James Albon Mattox

Portrait of James Albon Mattox Headstone Photograph

Full Name: James Albon Mattox
AKA: Jim
Location: Section:Republic Hill, Section 1 (C1)
Row:E  Number:26
Reason for Eligibility: Member, Texas House of Representatives; Attorney General of Texas; Member, United States House of Representatives 
Birth Date: August 29, 1943 
Died: November 20, 2008 
Buried: November 25, 2008 

MATTOX, JAMES ALBON (1943 ~ 2008). The following is a family-placed obituary for former Congressman and Texas Attorney General James Albon "Jim" Mattox. The obituary was published in the Austin American-Statesman on November 23, 2008.

"From consumer rights to child support enforcement, from crime victims compensation to environmental protection, from opening up public agencies to holding private corporations accountable, Jim Mattox said government should be a force for good. He was among the last of the straightforward Texas populists. And in a political career that spanned most of a generation, he took on powerful special interests as a crusading assistant district attorney, a reform-minded state representative, a budget hawk Congressman, and an attorney general known far and wide as the 'People's Lawyer.' James Albon Mattox was born on August 29, 1943, the first of three children of Norman, a union sheet metal worker, and Mary Kathryn Harrison, a waitress.

He attended Woodrow Wilson High School in Dallas, graduating in 1961, and worked his way through the Baylor School of Business, where he graduated magna cum laude in 1965 and won the Wall Street Journal Award for academic excellence. He earned his law degree from SMU and received the state's third-highest grade on his bar exam in 1968. As an assistant district attorney under the legendary Dallas County District Attorney Henry Wade, Jim tried misdemeanor and felony cases, earning convictions in a record 98 percent of his cases. After a brief two years in private practice, Jim ran for the Texas House in 1972, serving two terms as East Dallas' state representative. He pushed for and passed the Big Five package of legislation that still serves today as the basis for open government - open meetings, open records, full financial disclosure, campaign finance reform, and lobby registration. Jim was elected to the 5th Congressional District seat in 1976, 10 years after he had served as an intern in that office for then-Congressman Earle Cabell.

He was the only freshman elected to the influential House Budget Committee that year and later chaired the Task Force on National Security and Veterans Affairs, where he sought better medical care of veterans afflicted with Agent Orange, as he continued to do when he became a statewide elected official. He also served on the powerful Banking Committee. In 1982, Jim was elected Texas Attorney General, the state's 47th, and won re-election in 1986. He quickly became known as the 'People's Lawyer,' a populist in the model of two other great attorneys general in Texas history: Jim Hogg and Jim Allred. He built the office into a modern law firm, hired a diverse group of lawyers who handled more than 2 million cases during his time in the post, won judgments totaling more than $2.5 billion for the state, and guaranteed that the office reflected the rich diversity of Texas by hiring more women and minority lawyers than the top 10 Texas law firms of that era combined. Jim ran for governor in 1990, the U.S. Senate in 1994, and again for attorney general in 1998.

After leaving the attorney general's office in 1991, Jim devoted much of his time to his family, law practice, real estate development and politics. After going to the Democratic National Convention as a delegate from Hays County in the summer, his last great contribution to the Democratic Party of Texas was just weeks ago when he spoke at a Party hearing on changing Texas' convoluted primary-caucus system. To the cheers of the standing crowd, he said, 'This system we've got is an expensive one. It's an unintelligible system. It is an acrimonious system across the board.' Jim cared deeply about those whose lives were more difficult than his.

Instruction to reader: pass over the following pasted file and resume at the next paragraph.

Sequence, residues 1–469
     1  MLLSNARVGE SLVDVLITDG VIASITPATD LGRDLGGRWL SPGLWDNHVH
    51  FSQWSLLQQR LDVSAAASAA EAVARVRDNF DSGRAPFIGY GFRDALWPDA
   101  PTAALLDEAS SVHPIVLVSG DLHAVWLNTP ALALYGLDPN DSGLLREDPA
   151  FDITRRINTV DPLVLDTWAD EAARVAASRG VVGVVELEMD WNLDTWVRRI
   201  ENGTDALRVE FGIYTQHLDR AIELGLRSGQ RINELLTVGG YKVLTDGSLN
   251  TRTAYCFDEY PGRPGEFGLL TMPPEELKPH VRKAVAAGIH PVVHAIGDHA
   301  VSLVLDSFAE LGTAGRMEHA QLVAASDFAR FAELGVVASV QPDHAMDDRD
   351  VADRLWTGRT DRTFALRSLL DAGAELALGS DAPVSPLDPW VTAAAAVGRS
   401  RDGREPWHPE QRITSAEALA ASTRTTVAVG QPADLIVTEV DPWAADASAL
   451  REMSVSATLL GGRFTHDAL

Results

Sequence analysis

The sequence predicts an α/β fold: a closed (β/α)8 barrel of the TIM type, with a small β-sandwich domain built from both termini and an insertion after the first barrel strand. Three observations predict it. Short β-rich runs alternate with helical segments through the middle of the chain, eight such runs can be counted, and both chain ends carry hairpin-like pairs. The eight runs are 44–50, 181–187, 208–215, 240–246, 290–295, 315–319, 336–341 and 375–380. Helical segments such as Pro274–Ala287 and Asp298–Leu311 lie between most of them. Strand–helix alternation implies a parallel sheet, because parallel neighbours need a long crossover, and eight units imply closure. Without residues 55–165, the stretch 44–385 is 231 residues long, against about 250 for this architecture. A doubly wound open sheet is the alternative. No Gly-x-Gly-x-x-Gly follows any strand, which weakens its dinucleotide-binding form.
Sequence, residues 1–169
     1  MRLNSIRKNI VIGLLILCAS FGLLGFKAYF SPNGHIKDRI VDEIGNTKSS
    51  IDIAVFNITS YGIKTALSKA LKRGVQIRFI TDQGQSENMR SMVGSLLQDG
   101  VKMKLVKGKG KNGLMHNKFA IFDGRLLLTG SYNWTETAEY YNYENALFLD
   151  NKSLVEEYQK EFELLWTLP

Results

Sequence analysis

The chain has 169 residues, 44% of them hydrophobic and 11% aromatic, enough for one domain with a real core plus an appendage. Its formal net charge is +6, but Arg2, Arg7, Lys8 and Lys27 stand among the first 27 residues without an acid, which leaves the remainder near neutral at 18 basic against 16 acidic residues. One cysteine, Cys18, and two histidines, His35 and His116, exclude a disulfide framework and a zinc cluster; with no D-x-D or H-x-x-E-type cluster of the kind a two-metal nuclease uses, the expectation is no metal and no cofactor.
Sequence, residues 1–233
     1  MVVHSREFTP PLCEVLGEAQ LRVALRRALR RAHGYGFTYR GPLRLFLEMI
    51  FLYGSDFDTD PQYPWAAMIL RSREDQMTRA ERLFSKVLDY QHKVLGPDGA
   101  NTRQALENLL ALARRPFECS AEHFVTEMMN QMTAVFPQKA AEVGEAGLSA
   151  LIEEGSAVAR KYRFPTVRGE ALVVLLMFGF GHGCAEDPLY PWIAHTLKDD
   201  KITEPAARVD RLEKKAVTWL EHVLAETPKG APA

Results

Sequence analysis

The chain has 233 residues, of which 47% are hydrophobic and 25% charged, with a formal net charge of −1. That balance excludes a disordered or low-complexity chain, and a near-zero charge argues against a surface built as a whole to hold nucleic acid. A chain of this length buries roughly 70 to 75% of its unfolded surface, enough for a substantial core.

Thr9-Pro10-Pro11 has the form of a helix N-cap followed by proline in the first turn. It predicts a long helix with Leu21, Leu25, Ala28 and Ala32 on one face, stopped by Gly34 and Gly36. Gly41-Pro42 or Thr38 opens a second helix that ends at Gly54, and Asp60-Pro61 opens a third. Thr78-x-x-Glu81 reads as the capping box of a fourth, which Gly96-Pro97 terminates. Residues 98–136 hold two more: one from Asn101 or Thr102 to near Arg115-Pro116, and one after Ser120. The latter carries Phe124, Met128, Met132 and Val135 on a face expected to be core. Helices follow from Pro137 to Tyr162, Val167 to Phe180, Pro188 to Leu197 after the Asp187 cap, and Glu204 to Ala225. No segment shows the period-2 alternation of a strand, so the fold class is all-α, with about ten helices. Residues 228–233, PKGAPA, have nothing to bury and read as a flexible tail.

He lived both his public and private lives as defined in Matthew 25:40 of the New Testament: 'And the King shall answer and say unto them, Verily I say unto you, Inasmuch as ye have done it unto one of the least of these my brethren, ye have done it unto me.' In 1990, Jim married Marta Jan Karpan, a former assignments editor with KHOU-TV in Houston who runs a successful bottled water company, Texas Crystal Water, and is involved in a variety of charitable and civic projects.

He is survived by his wife and their two children, James Sterling 'Jimmer,' 18, and Janet Mary Kathryn 'Sissi,' 15, as well as Jim's sister, Janice, and his brother, Jerry, both of Dallas. Jim will lie in state in the House Chambers of the State Capitol from 3 p.m. to 7 p.m. Monday, with the family being present from 5 p.m. to 7 p.m. Services will be at 11 a.m. Tuesday in the First Baptist Church, 901 Trinity. Burial will follow in the State Cemetery, 909 Navasota Street. In lieu of flowers, the family suggests donations to the Dallas County Democratic Party, 4209 Parry Ave., Dallas, TX 75223; the Hays County Democratic Party, 829 N. LBJ Drive, Suite 108, San Marcos, TX 78666; or Earth Share of Texas, 707 West Ave., Suite 203, Austin, TX 78701"

Further information is available through the Texas State Cemetery research department.  

Additional Multimedia Files To Download:

#14062) Title:Austin American Statesman Article
Source:Austin American Statesman
Description:Gardner Selby Article

#14063) Title:Houston Chronicle Article
Source:Houston Chronicle Austin Bureau
Description:by Janet Elliot

#14065) Title:James Albon Mattox
Source:Dallas Morning News Article
Description:by Joe Simnacher

#14187) Title:Back of Mattox Stone
Source:Cemetery Photographer
Description:Back of Mattox Headstone


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